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Former 3-time Oregon attorney general Hardy Myers dies

By ANDREW SELSKY
Of the Associated Press

SALEM — Hardy Myers, a lawyer who became a politician in the Oregon Legislature in his 30s and rose to the position of House speaker, and then was elected state attorney general three times, has died at age 77.

He was remembered for defending Oregon's physician-assisted suicide law, a case that reached the U.S. Supreme Court, with Myers’ Senior Assistant Attorney General Robert Atkinson successfully arguing the case in 2005. Myers also championed litigation against tobacco companies — coincidentally he himself was a smoker — that brought in millions of dollars to Oregon, and still does.

Notes of praise and condolence poured in, including from Oregon's governor and its Senate president, after word spread that Myers had died Tuesday night in Portland from complications from pneumonia. He also had lung cancer.

Gov. Kate Brown said “Oregon lost a true statesman today,” calling him “a man of unquestionable integrity and commitment to the rule of law.”

Born in Mississippi and raised in the Central Oregon towns of Bend and Prineville, Myers returned to his birth state to earn an undergraduate degree from the University of Mississippi. He then graduated from the University of Oregon's law school.

He was elected to the Oregon House of Representatives in the 1974 election, representing a Portland district, and served there until 1985. He became speaker of the House in 1979.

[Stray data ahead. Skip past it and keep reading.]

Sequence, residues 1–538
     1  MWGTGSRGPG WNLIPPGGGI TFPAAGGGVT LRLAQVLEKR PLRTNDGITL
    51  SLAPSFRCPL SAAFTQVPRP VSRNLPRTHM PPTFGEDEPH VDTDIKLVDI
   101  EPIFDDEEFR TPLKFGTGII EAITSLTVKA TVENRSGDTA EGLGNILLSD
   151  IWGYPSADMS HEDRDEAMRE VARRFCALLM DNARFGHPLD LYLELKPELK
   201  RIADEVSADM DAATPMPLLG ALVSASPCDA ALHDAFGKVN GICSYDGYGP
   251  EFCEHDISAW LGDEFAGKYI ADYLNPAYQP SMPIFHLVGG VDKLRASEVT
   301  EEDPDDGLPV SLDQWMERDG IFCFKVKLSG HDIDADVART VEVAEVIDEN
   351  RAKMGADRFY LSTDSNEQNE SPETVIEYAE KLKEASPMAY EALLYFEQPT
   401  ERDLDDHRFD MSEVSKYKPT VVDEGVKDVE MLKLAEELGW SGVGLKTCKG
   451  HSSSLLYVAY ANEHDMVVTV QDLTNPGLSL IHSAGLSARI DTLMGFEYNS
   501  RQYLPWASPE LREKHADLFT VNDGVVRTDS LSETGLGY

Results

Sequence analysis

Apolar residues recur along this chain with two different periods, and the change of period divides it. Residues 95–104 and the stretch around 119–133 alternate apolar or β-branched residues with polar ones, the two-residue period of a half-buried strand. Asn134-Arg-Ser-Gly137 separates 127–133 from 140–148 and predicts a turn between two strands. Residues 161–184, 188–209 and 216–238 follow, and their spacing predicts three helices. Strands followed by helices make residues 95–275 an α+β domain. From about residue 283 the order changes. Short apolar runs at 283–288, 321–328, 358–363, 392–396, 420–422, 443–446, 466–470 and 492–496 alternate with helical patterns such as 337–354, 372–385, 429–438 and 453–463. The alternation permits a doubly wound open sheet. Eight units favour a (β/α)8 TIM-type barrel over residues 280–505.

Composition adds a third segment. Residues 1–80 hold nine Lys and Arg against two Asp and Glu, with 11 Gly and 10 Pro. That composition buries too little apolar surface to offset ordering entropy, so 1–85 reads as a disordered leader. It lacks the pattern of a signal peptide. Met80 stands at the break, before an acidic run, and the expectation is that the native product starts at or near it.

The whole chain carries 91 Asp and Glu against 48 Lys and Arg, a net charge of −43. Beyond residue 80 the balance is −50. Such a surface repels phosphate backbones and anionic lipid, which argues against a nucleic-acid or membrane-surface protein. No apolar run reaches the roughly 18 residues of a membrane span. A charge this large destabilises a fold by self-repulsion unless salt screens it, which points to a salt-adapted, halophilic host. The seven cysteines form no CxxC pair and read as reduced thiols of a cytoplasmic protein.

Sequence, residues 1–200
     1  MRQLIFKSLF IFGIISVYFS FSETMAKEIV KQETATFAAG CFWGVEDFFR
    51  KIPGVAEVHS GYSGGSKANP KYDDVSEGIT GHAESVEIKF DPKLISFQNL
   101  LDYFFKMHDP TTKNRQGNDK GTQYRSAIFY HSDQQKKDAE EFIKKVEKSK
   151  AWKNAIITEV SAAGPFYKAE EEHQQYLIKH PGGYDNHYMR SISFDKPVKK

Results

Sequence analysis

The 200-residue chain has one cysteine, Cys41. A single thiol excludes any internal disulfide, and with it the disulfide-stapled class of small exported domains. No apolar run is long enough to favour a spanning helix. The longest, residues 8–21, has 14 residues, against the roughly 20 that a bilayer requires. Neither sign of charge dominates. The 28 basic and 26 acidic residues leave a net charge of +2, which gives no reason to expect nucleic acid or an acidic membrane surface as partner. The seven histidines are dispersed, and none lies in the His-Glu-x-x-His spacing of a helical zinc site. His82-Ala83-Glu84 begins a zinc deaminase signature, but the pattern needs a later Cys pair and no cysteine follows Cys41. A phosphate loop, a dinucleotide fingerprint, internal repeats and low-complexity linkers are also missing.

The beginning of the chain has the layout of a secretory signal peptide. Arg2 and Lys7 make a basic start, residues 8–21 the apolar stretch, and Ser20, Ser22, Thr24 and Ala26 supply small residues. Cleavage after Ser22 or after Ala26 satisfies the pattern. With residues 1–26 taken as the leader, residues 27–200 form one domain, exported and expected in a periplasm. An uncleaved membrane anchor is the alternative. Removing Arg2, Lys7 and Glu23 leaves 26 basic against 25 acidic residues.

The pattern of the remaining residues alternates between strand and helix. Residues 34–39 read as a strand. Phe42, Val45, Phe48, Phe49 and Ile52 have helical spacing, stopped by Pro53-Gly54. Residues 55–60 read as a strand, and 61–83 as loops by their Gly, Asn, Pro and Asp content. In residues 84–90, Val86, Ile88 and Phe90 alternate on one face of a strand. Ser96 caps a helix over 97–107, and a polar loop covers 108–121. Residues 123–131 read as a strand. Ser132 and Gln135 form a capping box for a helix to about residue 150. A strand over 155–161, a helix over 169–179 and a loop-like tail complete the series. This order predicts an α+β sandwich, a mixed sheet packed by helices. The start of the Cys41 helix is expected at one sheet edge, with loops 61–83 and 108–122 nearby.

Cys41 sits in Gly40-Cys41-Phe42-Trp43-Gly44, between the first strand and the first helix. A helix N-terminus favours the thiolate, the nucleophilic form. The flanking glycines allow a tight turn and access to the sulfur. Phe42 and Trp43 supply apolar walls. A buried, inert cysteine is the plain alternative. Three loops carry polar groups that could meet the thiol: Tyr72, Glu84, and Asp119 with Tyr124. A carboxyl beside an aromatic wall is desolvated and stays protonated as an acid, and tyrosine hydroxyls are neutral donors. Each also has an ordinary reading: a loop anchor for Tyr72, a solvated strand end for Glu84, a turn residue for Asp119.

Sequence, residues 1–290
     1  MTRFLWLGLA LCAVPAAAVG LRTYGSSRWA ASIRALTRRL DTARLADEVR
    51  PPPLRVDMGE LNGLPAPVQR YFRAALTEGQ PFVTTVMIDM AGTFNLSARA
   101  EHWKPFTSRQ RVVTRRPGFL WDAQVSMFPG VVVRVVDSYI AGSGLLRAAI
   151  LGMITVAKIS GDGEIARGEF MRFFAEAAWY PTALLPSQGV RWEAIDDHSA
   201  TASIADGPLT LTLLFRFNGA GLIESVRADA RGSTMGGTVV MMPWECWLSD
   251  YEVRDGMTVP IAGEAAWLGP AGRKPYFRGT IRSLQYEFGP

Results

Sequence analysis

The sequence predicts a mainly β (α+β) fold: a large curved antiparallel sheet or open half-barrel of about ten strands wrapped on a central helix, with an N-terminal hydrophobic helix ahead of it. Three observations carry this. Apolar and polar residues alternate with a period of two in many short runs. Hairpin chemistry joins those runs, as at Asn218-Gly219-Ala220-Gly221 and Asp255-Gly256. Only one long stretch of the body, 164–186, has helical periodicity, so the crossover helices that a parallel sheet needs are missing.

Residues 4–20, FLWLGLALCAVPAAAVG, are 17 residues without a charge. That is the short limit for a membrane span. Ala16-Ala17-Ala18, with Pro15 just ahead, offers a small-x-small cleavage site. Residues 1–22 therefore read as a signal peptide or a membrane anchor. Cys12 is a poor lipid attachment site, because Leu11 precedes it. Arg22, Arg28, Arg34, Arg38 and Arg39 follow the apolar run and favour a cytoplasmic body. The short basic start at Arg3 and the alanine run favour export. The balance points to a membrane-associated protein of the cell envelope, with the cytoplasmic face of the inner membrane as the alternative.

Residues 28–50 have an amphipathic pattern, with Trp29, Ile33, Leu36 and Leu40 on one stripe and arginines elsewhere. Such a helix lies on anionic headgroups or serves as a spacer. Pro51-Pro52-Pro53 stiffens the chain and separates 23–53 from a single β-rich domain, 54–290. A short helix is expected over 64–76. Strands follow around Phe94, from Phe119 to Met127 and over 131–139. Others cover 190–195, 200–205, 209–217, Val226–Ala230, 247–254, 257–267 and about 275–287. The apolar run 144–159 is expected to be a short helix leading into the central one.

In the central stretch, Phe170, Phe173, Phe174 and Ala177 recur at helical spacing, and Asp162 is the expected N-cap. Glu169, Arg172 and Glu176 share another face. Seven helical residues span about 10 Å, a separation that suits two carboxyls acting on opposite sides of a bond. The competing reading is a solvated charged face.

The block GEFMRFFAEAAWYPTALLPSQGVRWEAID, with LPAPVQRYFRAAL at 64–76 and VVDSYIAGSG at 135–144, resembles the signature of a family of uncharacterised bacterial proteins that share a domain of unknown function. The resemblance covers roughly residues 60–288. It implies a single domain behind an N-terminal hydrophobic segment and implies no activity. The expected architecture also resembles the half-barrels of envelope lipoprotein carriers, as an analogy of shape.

Senate President Peter Courtney said in a statement that Myers was an inspiration.

“He taught me everything,” Courtney said. “He taught me to respect the institution. He taught me to respect the process. He taught me to respect other people and other viewpoints. He was a wonderful gentleman.”

Kristen Grainger, who served as Myers’ legislative director and communications director for six years, said he was very humble.

“He was the last to take credit and the first to shoulder blame,” said Grainger, who is now Brown's communications director. “Hardy embodied integrity. He viewed all aspects of public service through the lens of what best served Oregonians; what legacy the decisions he made would impart for future generations.”

When Myers was running for re-election as attorney general, his campaign manager borrowed a convertible from a car dealership for Myers to ride in at a Fourth of July parade, and the candidate made his staffer return it because the Department of Justice's consumer protection lawyers investigate those types of business, Grainger recalled.

“He just didn't think it was appropriate,” Grainger said.

Myers is survived by his wife, Mary Ann, their sons and grandchildren.

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